Landing a great internship
Prepare for the first big step on your career path.
For accounting students, the path to a satisfying career can be a bumpy road, but an internship at a CPA firm can pave the way for a smoother transition from college to a career.
Some colleges and universities require accounting students to participate in internships, many of which are paid, as graduation prerequisites, so internships can be competitive. But with careful preparation, students can land great internship opportunities.
As an accounting student at Rutgers University, Ryan Lopes interned at PKF O’Connor Davies in Cranford, N.J. After he graduated in 2016, PKF O’Connor Davies invited Lopes to join its tax team. He is now a business solutions senior associate, a job he has held for the past two years and is preparing to sit for the CPA exam. He credits that important internship with helping him jump-start his career and encourages college students to make it a personal goal to land at least one internship before graduating.
“It’s not only a great stepping stone to get real-world experience, it’s also a chance to see if you truly enjoy accounting in a professional environment,” Lopes said.
Before he was ready to start an internship, Lopes had to build a résumé and develop a strategy for landing a quality internship, not unlike preparing to search for a professional job.
Lopes and two other accounting professionals offer advice to students who are seeking a valuable internship.
Hone your leadership skills. All colleges have clubs and societies that offer opportunities to lead. When Lopes started getting serious about securing an internship, he joined the Rutgers University chapter of the Association of Latino Professionals For America (ALPFA), serving as director of events. He supervised seven committee members in planning and managing the logistics of more than 30 professional development events per semester. Lopes credits this service with giving him the leadership experience that helped him stand out. “The most important thing in college is not only studying and working hard to get good grades, but also being a leader in an extracurricular activity,” he said.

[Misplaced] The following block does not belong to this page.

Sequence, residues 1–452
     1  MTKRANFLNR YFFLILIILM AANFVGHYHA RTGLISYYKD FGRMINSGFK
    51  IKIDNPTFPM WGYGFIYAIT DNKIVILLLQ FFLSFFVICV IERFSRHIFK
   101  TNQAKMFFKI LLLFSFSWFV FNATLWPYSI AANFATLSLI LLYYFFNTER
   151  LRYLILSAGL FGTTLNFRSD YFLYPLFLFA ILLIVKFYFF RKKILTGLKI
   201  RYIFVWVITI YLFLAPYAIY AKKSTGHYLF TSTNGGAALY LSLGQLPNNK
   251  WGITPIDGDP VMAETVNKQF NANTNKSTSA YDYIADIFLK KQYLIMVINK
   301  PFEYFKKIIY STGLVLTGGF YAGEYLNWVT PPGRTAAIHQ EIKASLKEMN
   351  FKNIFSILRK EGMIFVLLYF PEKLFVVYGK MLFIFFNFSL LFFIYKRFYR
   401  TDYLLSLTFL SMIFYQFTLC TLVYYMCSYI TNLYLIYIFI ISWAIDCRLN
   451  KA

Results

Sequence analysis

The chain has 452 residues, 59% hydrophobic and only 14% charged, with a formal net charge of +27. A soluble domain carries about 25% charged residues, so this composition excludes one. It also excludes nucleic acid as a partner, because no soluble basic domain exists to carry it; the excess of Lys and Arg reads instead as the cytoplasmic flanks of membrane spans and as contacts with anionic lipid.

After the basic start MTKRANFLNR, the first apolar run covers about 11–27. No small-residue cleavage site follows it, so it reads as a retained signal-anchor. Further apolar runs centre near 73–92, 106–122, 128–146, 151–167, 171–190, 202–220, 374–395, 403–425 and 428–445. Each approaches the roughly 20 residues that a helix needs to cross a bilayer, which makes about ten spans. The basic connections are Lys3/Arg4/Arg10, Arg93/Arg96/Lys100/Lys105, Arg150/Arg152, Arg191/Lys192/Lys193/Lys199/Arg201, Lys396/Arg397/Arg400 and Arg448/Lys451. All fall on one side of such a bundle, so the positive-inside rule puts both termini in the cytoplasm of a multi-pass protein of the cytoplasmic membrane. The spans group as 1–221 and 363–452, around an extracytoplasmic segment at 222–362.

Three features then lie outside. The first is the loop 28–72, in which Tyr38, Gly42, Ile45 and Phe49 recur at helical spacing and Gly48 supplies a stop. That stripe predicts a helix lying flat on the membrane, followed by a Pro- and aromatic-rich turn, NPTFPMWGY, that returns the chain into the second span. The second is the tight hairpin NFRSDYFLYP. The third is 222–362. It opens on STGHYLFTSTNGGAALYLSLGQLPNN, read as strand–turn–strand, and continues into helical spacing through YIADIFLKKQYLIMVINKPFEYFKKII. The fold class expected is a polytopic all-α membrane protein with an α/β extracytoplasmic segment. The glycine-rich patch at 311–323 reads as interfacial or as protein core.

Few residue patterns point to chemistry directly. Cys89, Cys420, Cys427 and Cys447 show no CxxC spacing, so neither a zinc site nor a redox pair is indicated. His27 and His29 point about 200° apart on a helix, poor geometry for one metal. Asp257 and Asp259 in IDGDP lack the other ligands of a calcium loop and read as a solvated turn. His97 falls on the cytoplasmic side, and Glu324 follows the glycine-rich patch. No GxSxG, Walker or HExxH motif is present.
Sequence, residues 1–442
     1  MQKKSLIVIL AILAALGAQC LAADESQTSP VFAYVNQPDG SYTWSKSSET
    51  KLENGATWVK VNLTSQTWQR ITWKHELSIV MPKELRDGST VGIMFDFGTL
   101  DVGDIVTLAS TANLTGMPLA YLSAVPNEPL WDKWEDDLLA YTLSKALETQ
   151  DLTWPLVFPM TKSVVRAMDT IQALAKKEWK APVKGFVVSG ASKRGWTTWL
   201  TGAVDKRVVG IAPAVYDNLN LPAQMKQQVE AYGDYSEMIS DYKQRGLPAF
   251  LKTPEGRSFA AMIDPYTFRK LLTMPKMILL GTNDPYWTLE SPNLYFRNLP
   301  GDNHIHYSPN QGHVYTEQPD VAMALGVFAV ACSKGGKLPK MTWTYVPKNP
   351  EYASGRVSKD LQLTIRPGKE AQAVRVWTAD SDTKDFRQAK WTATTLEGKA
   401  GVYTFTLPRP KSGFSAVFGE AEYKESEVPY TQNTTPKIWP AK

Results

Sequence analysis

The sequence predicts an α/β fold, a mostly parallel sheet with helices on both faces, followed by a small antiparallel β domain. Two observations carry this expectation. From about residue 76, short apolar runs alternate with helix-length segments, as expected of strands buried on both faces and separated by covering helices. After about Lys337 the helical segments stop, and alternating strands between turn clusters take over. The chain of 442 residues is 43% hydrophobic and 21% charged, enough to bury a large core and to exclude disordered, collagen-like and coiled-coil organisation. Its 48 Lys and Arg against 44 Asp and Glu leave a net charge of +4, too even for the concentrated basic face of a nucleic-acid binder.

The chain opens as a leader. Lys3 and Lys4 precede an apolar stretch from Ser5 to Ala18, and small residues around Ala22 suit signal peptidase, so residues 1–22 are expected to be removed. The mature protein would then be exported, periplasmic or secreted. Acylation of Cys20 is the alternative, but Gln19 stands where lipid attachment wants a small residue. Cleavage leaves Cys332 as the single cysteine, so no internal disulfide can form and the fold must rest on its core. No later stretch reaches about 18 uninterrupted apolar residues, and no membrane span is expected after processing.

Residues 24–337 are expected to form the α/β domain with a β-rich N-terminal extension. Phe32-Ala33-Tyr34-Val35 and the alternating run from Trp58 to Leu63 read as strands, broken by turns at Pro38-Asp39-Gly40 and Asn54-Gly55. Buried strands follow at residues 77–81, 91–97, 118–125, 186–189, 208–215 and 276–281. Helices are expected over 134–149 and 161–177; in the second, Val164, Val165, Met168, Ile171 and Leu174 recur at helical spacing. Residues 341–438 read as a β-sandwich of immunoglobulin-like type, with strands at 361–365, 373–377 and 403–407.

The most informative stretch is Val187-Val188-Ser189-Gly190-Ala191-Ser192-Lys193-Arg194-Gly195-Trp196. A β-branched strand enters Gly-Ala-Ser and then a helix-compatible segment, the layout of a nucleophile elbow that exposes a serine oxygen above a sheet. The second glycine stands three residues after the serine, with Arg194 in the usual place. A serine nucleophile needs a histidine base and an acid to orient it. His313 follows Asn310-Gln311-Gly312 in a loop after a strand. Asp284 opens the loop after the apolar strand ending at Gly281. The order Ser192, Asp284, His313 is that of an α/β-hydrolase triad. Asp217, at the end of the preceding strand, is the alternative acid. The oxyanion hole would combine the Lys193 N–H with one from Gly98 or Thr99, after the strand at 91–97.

Seek out a mentor. As a shy student, Lopes could not imagine himself approaching accounting firm recruiters and talking about himself until he found a mentor. Through encouragement and one-on-one coaching, an assistant dean and director of career management at Rutgers Business School helped Lopes overcome his fear of public speaking. His mentor helped him improve his interview skills, taught him how to give a 30-second elevator pitch, and helped build his confidence. “It is important to find a mentor who is there to answer questions and guide you in the direction you want to go,” Lopes said.
Gather details about your targeted firms. Maryann T. Reyes, CPA/PFS, a senior manager at Withum of Whippany, N.J., who helps manage the interns in her office, is impressed when internship prospects demonstrate knowledge about her firm. “And if they can talk about some of the more fun and quirky aspects, we give them bonus points because it shows they’ve gone the extra mile,” she said. Students interested in internships can gather more insight into a firm’s culture and personality by looking up the firm on social media platforms than from what they would see looking at the company’s website alone, Reyes added.
Improve your technical skills. Students aiming for an accounting internship should make sure they can demonstrate they are proficient in fundamental accounting principles, said Kristel Espinosa, CPA, a partner with JLK Rosenberger in Irvine, Calif. “This might sound a little unusual, but cracking open the accounting books and boning up on debits and credits will refresh your technical skills,” she said. Espinosa also suggests prospective interns take supplemental accounting classes through local continuing education programs, watch instructional videos or webinars, or simply review college coursework, financial statements, and common tax forms.
Practice your pitch. Lopes attended as many career fairs as he could and visited every accounting firm recruiter participating in those events. At first his nerves got the better of him, but after pitching his qualifications over and over, he got more comfortable and scored his ideal internship. “Practice obviously makes perfect, because PKF was the very last table I went to, and that was the best recruiting experience I had,” he said.
Reyes advises students to get comfortable showcasing their individuality along with their other soft skills. “We look for interns who are enthusiastic,” she said. Withum values individuals who are good communicators, are fast learners, and demonstrate a positive attitude that would make them a good fit with the firm, she said.
Learn to be assertive. When you meet with a recruiter, be prepared to ask about their requirements of interns, and don’t be afraid to outline what you hope to get out of the experience too. “I like to hear prospective interns ask what we expect of them and inquire about how they can advance to a full-time position,” she added. Espinosa also listens for a prospective intern’s career aspirations. “If I know that this student has specific goals, I can assign them projects to help them reach those goals,” she said.
— Teri Saylor is a freelance writer in North Carolina. To comment on this article or to suggest an idea for another article, contact Chris Baysden, an associate director on the Magazines & Newsletters team at the Association of International Certified Professional Accountants.